There is a special place in heaven for those senior scholars who produce those indispensable review essays that provide guidance for our own detailed reading and examination or, more often the case, allow us to take a brief tour of an intellectual battlefield that we must often teach but we will never have time to explore in great depth.
Some of my favorites, in no special order, are by Scocpol(1), Doyle(2), Dominguez(3), Betts(4), and Gourevitch(5). There are many more, of course, but I thought I should all take a minute to give thanks for some of my favorites.
This morning, I reread “Conflict or Cooperation? Three Visions Revisited,” by Richard Betts (Foreign Affairs, Nov/Dec 2010, 186-194). I was stunned once again at how good an essay this is, not only in its excellent and balanced summary, critique, and synthesis of books by Fukuyama (Conflict or Cooperation), Huntington (Clash of Civilizations), and Mearsheimer (Tragedy of Great Power Politics) but also with the durability of the author’s perspective.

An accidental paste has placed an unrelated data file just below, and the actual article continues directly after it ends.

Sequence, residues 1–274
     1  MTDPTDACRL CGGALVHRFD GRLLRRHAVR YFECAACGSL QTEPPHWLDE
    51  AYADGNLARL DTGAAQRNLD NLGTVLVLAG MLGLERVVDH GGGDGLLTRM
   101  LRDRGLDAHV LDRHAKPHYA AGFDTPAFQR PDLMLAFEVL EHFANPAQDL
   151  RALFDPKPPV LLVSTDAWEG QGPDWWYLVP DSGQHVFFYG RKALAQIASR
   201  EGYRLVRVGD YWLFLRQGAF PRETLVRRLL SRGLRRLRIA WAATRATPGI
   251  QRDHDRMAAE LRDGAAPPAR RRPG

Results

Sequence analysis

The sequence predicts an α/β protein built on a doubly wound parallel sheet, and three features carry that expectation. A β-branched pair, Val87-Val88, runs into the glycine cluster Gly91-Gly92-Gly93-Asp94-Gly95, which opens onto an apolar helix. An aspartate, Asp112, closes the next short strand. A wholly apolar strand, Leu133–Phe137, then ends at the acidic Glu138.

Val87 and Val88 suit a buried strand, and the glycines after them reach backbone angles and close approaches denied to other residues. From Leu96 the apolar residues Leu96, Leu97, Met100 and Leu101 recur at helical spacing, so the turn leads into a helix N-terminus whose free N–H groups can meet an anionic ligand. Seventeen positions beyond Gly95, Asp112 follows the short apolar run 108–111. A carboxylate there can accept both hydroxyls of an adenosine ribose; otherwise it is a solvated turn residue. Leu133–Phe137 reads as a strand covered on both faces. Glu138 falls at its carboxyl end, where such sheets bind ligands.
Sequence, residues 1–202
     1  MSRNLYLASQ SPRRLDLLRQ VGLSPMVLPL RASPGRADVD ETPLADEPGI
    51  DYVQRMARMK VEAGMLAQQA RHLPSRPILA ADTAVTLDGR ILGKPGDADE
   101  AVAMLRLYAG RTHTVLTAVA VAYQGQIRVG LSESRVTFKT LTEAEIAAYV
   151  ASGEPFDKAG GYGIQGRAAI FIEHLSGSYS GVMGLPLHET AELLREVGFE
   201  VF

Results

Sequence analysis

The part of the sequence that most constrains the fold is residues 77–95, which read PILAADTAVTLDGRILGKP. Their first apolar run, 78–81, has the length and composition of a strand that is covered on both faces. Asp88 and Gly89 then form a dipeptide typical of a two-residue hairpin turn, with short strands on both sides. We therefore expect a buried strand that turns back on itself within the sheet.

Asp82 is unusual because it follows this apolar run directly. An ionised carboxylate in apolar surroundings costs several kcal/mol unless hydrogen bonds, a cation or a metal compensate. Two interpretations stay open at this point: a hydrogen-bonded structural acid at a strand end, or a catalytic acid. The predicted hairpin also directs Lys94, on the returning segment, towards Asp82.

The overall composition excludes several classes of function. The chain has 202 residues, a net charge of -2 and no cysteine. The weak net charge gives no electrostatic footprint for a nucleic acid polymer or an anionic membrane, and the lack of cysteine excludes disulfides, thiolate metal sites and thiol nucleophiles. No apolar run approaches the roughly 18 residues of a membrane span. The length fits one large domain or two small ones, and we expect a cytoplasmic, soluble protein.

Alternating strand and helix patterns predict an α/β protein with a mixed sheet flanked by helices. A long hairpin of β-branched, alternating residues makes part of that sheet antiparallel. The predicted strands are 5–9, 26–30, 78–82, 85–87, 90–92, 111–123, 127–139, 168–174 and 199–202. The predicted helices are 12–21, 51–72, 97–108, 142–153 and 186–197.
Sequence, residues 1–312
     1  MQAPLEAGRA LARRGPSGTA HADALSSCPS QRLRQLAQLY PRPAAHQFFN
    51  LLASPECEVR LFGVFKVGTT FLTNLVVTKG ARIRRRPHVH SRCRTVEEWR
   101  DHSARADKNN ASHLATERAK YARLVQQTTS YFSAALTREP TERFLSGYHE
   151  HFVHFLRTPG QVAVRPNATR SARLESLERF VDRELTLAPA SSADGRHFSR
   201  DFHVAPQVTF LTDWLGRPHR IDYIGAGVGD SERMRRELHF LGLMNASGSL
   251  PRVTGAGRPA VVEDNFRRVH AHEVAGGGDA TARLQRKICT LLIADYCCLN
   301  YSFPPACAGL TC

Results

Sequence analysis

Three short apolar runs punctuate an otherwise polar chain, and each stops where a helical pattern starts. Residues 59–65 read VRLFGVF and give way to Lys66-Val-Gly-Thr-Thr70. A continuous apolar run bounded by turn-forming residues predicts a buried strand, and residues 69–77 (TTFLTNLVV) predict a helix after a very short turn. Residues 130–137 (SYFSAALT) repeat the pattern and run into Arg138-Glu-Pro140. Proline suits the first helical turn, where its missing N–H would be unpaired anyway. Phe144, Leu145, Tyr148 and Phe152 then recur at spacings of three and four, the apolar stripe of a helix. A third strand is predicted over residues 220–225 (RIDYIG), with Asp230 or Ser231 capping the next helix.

From the vantage point of 2010, Betts concluded: “The problem is that Davos-style liberalism and militant neoconservatism have both been more influential than the three more profound and sober visions of a Fukuyama, Huntington, and Mearsheimer.”
True as this was, it is far less true today and my fond hope is that President Obama will get the credit he deserves for being a profoundly sober leader whose prudential realism, anchored in a measured Kantian liberal internationalism, has revealed neoconservatism for the reckless enterprise that it was when the country became unhinged after September 11.
The question I have is whether President Clinton will be as prudent and restrained? I’m afraid that she’ll be too eager “to do something” and will be talked into dipping her toes into quagmires by the generals and admirals that she has worked so assiduously to woo since joining the Senate. My hope is that all that wooing was just good politics and networking.
(1) Skocpol, “A Critical Review of Barrington Moore’s Social Origins of Dictatorship and Democracy.” Check it out here.
(2) Doyle, Doyle. 1983. Kant, liberal legacies, and foreign affairs. Philosophy and public affairs 12 (summer and fall): 205-35, 323-53.
(3) Dominguez, “Samuel Huntington and the Latin American State” can be had here.
(4) “Conflict or Cooperation? Three Visions Revisited,” by Richard Betts (Foreign Affairs, Nov/Dec 2010, 186-194).
(5) Peter Gourevitch, “The Second Image Reversed.”